Mindich's Music Valentine; Eveillard's Rembrandt Embrace: Scene Last Night
Making the right Valentine’s Day plan was easy for the chief executive of Eton Park Capital Management, Eric Mindich.
He brought his wife, Stacey, to the Valentine’s Day Benefit at Lincoln Center Theater last night. The evening combined a concert by the Tony Award-winning Polish-Brazilian crooner Paulo Szot and a candle-lit dinner amid red poppies. The dress code: “Something Red.”
The crowd included John C. Whitehead, former Goldman Sachs banker and currently founding chairman of the Lower Manhattan Developent Corporation; actor Sam Waterston; playwright John Guare; Whitney Museum Co-Chairman Brooke Neidich.
Also on hand was Bartlett Sher, who directed Szot in the Tony-winning revival of “South Pacific” at Lincoln Center.
On March 15 previews begin at the theater for “War Horse,” about an English boy who leaves home in search of his steed.
Some celebrities need stylists; others need a good cleaning.
Rembrandt got the latter for his 1658 “Self-Portrait,” the results of which were unveiled last night at the opening of “Rembrandt and His School: Masterworks from the Frick and Lugt Collections.”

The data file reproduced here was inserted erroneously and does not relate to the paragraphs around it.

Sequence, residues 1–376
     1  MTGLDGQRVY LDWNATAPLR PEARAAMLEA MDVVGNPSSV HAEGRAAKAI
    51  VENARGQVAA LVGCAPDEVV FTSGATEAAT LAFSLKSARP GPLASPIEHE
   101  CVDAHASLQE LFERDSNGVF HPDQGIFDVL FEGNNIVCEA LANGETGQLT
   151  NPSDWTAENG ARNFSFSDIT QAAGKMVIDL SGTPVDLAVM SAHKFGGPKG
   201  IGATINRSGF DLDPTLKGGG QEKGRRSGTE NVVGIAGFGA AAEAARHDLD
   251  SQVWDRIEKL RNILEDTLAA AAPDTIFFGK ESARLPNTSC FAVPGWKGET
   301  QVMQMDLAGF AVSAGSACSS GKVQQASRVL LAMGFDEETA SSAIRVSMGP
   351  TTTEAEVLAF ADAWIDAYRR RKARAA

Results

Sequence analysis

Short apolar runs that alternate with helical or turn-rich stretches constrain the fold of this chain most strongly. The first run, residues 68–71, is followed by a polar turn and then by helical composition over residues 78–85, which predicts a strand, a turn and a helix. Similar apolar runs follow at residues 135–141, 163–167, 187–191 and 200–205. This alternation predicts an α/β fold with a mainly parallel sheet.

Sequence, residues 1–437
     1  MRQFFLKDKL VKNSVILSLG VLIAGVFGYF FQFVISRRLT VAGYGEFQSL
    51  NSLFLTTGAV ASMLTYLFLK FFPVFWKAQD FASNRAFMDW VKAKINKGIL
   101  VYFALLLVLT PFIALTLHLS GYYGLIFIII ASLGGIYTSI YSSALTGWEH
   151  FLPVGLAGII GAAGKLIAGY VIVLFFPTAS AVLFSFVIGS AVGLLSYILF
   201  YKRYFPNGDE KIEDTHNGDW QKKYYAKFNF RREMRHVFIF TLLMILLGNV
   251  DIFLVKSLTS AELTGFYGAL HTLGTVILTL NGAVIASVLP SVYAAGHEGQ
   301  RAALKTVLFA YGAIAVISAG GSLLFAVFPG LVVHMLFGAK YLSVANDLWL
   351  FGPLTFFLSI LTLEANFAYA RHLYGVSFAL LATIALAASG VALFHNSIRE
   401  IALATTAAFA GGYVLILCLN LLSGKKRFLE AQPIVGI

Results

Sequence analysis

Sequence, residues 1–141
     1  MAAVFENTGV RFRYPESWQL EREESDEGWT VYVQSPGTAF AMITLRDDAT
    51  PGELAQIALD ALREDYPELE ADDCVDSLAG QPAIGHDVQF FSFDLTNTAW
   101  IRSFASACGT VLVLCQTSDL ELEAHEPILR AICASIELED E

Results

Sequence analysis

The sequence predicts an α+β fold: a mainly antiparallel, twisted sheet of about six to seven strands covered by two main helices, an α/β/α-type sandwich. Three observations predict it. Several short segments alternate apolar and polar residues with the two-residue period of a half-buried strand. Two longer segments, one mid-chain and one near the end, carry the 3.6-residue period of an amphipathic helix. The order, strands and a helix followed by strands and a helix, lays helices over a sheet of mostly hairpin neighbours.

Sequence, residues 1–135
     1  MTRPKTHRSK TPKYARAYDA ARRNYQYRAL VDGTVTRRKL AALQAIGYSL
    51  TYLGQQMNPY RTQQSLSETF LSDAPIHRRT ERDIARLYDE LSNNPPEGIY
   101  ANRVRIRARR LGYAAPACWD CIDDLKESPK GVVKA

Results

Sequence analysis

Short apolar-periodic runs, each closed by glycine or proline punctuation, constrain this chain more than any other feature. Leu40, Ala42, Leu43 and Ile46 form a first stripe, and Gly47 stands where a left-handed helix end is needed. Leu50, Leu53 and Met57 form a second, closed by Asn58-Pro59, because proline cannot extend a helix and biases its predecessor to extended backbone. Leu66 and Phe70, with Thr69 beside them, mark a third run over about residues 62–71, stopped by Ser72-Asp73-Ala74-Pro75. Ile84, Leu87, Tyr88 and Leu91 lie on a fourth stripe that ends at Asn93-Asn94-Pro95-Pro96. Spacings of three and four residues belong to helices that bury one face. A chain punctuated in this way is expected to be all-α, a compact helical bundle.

The exhibition presents work from the collections of Henry Clay Frick, who was drawn to Rembrandt’s paintings, and Frederik Johannes Lugt, who favored the drawings.
The “Self-Portrait,” with multiple layers of varnish removed, has the spotlight in the Oval Room at the Frick Collection on Fifth Avenue.
“What’s different is the legibility of the background and the way the hat is much more clearly defined,” said Frick Director Anne Poulet of the portrait. “You can now see all the nuances of light; the fabric, the hands and the face, they’re all glowing.”
Downstairs visitors put their noses right up to the drawings -- studies of a dog lying down, a woman having her hair combed.
“There is a simplicity to it,” said Jean-Marie Eveillard, a trustee at the Frick and a senior adviser to First Eagle Investment Management LLC. He and his wife, Elizabeth Eveillard, a consultant and former senior managing director at Bear Stearns & Co., are principal sponsors of the exhibition.
Some guests found something to be desired in the cleaned self-portrait. “I must say, he looks very old for a 52-year- old,” said Britt Tidelius, an art critic.
(Amanda Gordon is a writer and photographer for Muse, the arts and leisure section of Bloomberg News. Any opinions expressed are her own.)
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